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  • The ridge across Denmark Strait west of Iceland nowhere exceeds 300 fathoms in depth, so that the deeper water of the North Polar Basin is effectively separated from that of the Atlantic. A third small basin occupies Baffin Bay and contains a maximum depth of 1050 fathoms. Depths of from loo to 300 fathoms are not uncommon amongst the channels of the Arctic Archipelago north of North America, and Bering Strait, through which the surface water of the Arctic Sea meets that of the Pacific, is only 28 fathoms deep.

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  • The Mediterranean Sea, the best-known member of the intercontinental class, is separated from the Atlantic Ocean by a ridge running from Cape Spartel to Cape Trafalgar on which the greatest depth is only 175 fathoms. The depth increases so rapidly towards the east that soundings exceeding 500 fathoms occur off Gibraltar.

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  • In exceptional cases, when a strong deep current does flow over a rise, as in the case of the Wyville Thomson Ridge, the bottom is swept clear of fine sediment.

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  • The town was burned in August 1863, and shelled on the 3rd of November 1864, after the battle of Pea Ridge, by a detachment of General Price's army.

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  • From a point about midway between the two rivers, and near the town of Dehra, runs a ridge which forms the watershed of the valley.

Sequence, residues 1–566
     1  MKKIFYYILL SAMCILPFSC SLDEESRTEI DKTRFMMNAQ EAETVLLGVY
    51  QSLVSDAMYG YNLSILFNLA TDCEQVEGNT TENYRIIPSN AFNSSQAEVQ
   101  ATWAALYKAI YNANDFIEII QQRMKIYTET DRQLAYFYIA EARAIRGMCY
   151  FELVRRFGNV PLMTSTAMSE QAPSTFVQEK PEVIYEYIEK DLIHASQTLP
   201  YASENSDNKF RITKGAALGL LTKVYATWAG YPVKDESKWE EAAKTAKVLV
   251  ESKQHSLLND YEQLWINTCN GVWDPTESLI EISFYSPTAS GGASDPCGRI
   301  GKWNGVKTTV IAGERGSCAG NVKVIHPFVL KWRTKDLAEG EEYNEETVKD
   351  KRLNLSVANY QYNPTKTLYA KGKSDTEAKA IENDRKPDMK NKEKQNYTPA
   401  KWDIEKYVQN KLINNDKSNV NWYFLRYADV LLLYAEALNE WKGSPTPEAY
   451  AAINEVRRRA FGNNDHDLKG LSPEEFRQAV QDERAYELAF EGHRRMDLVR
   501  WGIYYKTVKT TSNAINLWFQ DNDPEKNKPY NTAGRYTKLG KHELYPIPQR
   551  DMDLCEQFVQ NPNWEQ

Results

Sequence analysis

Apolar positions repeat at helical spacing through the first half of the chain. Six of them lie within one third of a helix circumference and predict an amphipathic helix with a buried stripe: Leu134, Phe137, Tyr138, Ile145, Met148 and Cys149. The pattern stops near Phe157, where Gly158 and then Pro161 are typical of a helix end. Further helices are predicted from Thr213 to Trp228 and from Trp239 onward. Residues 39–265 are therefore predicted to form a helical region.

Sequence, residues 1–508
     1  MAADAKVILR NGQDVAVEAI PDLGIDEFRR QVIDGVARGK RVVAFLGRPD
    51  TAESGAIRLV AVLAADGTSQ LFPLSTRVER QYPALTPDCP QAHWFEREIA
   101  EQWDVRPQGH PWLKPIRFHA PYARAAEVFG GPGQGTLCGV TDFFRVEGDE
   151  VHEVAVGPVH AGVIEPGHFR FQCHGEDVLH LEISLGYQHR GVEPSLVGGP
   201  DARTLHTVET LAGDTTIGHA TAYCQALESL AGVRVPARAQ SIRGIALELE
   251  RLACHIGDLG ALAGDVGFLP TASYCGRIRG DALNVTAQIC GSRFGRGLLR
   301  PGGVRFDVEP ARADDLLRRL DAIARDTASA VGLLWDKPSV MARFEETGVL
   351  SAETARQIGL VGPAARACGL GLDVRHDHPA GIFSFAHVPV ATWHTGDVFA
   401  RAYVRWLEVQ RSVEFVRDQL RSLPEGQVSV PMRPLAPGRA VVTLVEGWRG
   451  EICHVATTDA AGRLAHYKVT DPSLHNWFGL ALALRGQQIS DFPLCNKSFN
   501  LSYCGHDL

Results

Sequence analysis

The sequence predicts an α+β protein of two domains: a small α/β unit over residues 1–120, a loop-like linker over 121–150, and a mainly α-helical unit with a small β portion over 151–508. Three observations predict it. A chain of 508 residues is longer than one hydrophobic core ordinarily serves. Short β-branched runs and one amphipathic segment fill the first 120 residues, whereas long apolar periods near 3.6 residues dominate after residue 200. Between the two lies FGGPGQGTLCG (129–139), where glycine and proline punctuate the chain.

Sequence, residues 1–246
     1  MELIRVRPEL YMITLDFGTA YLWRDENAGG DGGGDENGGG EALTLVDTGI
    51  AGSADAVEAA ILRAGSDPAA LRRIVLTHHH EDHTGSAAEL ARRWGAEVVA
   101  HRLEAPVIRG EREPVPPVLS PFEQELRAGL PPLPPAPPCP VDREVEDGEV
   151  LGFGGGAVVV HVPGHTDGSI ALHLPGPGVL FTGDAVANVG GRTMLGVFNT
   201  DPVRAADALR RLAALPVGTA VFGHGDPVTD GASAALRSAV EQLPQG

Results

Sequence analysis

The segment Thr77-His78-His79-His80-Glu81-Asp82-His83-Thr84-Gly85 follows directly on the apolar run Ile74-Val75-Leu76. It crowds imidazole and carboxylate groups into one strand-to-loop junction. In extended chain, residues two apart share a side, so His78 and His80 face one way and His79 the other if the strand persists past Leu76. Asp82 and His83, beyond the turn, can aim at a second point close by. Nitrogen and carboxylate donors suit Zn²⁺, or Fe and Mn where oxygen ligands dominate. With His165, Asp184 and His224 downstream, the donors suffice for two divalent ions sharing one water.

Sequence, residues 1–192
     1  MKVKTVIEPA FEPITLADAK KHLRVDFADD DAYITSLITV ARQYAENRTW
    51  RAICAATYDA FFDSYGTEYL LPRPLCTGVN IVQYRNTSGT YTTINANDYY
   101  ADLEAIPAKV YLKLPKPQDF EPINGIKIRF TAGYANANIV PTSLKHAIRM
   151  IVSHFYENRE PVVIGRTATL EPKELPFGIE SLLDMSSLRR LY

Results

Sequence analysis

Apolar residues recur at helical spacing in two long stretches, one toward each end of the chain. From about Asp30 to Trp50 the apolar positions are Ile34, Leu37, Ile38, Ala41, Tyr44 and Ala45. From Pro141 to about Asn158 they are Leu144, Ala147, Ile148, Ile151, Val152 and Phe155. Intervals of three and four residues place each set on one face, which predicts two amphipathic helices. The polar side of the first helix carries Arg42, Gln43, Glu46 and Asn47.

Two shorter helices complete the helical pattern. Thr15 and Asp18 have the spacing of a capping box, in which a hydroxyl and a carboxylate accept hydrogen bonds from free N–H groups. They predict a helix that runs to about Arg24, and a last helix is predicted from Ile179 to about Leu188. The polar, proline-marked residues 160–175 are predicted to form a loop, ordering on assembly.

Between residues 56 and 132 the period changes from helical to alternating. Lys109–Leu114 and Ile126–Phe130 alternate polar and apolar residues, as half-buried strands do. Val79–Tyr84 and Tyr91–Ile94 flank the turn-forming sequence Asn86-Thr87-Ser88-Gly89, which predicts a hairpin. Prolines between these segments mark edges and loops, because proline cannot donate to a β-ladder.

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  • To the west of this ridge the water collects to form the Asan, a tributary of the Jumna; whilst to the east the Suswa receives the drainage and flows into the Ganges.

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  • Along the central ridge, the water-level lies at a great depth from the surface (228 ft.), but it rises gradually as the country declines towards the great rivers.

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  • The south-east corner of the state is a sandy lowland, generally level with a slightly elevated ridge (Manomet) south of Plymouth, and well watered by ponds.

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  • In Hippotragus the stout and thickly ringed horns rise vertically from a ridge above the eyes at an obtuse angle to the plane of the lower part of the face, and then sweep backwards in a bold curve; while there are tufts of long white hairs near the eyes.

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  • He used a low ridge to screen his main June defensive position, exposing comparatively few troops in front of the crest.

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  • As D'Erlon's troops advanced the Dutch-Belgian brigade in front of the ridge, which had been subjected to an overwhelming fire from the 80 French guns at close range, turned about and retired in disorder through the main position.

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  • The cavalry gradually became hopelessly entangled among the squares they were unable to break, and at last they were driven down the face of the ridge and the most dramatic part of the battle came to an end.

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  • A ridge divides the basin from north to south, and rises so high as to form an island about the middle.

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  • The greatest depth of the lake (75 ft.) lies to the east of this ridge.